The Court charged with overseeing US surveillance authorities has rendered a bombshell ruling: the Federal Bureau of Investigation is using authorities aimed at surveilling foreigners abroad to investigate Americans impermissibly. Instead of using Section 702 of the Foreign Intelligence Surveillance Act (FISA) to prevent foreign terrorist attacks and collect foreign intelligence, it used information collected under this program to vet Americans who wanted to become police officers, to vet American college students participating in a “Collegiate Academy,” and to check out Americans who had visited an FBI office. In one stunning disclosure, the Foreign Intelligence Surveillance Court (FISA Court) found that the FBI used the identifiers of 16,000 Americans to comb through the data collected under this program, even though the FBI could legally justify only seven of those 16,000 queries based on the required foreign intelligence or crime-fighting purposes.
The revelation appeared in a December 2019 opinion of the super-secret FISA Court that intelligence officials did not release until today.
The intelligence authority – Section 702 of the Foreign Intelligence Surveillance Act, 50 USC 1881a – dates to 2008 and was justified as being necessary to fight terrorism. It enables the government to compel companies under U.S. jurisdiction to disclose communications of foreigners abroad who can be targeted without any showing of wrongdoing, of ties to a foreign terrorist organization, foreign government or other foreign power, and without any finding by the FISA Court regarding the specific targeted person.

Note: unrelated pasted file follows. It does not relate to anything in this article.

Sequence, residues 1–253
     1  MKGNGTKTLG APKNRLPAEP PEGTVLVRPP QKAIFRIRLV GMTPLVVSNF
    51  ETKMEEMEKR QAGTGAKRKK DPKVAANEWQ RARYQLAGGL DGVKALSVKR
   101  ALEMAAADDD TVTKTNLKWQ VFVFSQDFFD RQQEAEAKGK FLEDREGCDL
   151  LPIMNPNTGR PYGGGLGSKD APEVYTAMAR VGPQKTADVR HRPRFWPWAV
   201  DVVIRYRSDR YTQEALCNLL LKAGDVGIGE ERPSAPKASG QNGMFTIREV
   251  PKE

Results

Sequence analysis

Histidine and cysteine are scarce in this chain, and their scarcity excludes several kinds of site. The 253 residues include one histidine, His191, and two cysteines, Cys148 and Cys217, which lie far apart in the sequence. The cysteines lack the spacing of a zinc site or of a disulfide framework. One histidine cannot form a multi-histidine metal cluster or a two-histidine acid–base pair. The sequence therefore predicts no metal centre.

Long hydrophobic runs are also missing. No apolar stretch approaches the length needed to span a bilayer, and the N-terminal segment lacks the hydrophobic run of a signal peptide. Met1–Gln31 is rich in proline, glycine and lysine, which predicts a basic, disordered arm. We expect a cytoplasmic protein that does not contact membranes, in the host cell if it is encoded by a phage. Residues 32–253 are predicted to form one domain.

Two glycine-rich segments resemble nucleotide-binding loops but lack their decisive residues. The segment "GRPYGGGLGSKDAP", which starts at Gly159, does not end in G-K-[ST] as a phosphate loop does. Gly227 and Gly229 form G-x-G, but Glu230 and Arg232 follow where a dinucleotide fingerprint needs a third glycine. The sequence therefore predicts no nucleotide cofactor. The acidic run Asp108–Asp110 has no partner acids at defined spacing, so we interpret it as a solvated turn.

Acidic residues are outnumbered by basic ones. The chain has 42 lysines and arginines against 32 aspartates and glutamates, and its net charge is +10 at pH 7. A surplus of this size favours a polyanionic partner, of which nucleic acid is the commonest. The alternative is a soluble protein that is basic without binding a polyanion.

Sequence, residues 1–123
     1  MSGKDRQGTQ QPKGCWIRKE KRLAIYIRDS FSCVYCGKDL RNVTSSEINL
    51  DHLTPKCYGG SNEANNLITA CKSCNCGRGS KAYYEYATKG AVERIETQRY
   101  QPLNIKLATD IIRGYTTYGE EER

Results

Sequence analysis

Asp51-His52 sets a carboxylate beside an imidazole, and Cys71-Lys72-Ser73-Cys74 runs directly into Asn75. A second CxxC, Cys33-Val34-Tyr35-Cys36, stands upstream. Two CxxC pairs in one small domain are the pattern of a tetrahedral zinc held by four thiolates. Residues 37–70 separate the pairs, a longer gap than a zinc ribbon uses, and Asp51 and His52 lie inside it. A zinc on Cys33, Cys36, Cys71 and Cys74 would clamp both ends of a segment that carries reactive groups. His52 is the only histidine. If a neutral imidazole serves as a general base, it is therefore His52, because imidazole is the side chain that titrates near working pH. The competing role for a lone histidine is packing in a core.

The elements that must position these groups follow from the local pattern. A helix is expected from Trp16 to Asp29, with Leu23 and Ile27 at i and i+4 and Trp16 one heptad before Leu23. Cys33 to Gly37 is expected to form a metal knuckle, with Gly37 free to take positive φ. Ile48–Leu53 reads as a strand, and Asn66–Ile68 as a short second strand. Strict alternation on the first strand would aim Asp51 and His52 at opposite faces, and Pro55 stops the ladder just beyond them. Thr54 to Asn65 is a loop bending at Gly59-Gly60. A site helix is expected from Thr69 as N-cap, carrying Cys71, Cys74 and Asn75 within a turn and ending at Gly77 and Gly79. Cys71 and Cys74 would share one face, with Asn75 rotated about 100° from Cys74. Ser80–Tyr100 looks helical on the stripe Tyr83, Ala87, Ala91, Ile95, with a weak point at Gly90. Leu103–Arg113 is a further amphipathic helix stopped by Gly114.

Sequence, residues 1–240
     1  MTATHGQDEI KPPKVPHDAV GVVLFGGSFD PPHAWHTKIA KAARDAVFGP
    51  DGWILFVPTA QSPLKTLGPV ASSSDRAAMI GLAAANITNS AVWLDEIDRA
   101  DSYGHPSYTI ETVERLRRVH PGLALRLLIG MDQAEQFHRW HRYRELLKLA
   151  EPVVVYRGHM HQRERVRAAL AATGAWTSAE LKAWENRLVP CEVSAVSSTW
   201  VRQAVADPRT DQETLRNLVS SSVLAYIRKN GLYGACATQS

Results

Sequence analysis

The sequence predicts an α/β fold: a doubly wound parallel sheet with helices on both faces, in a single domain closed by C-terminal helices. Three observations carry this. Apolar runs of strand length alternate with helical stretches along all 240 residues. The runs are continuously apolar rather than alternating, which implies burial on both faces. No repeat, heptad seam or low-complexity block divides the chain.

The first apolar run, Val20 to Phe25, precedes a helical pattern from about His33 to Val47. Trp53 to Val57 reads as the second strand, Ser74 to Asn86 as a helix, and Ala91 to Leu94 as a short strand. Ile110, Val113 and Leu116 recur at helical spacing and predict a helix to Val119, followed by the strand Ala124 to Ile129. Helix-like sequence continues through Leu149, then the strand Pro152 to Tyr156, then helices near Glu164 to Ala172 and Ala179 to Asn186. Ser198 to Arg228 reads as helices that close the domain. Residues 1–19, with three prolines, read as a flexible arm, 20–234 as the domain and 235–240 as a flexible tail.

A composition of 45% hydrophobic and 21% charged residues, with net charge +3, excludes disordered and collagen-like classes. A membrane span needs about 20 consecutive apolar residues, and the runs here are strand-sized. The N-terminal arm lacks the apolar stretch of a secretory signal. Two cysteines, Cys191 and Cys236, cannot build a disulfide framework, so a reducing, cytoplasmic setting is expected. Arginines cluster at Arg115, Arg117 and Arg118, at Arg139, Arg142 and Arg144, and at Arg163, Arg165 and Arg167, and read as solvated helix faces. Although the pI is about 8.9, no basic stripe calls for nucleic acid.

Because the criteria for surveillance are so minimal, tens of thousands of foreigners abroad are targeted each year, and their stored and real time communications are collected in a vast database for future use. There were 204,968 targets of Section 702 surveillance in 2019 alone. It is this database that the FBI is querying to investigate Americans, whose communications may appear in the database because they communicated with a target or were targeted inadvertently.
The FISA Court also criticized the FBI for failing to abide by court-approved targeting procedures that required it to retain the search terms it used to query the data about Americans, and to retain the factual justification for making the queries. Such information is essential for oversight of the program by the FISA Court, by Congress, and by agency inspectors general.
CDT has long called for the government to narrow the scope of this program to protect the rights of foreigners abroad, as well as the rights of Americans. In July, the Court of Justice of the European Union struck down a key data sharing agreement with the U.S. in part because of the threat this authority represents to the privacy rights of citizens of EU countries.
The FISA Court’s opinion ultimately approved the Section 702 procedures and certifications that the government submitted to it. But its criticism of the FBI’s conduct demonstrates the vast authority the program grants to spy on Americans, and shows that reforms to Section 702 are long overdue.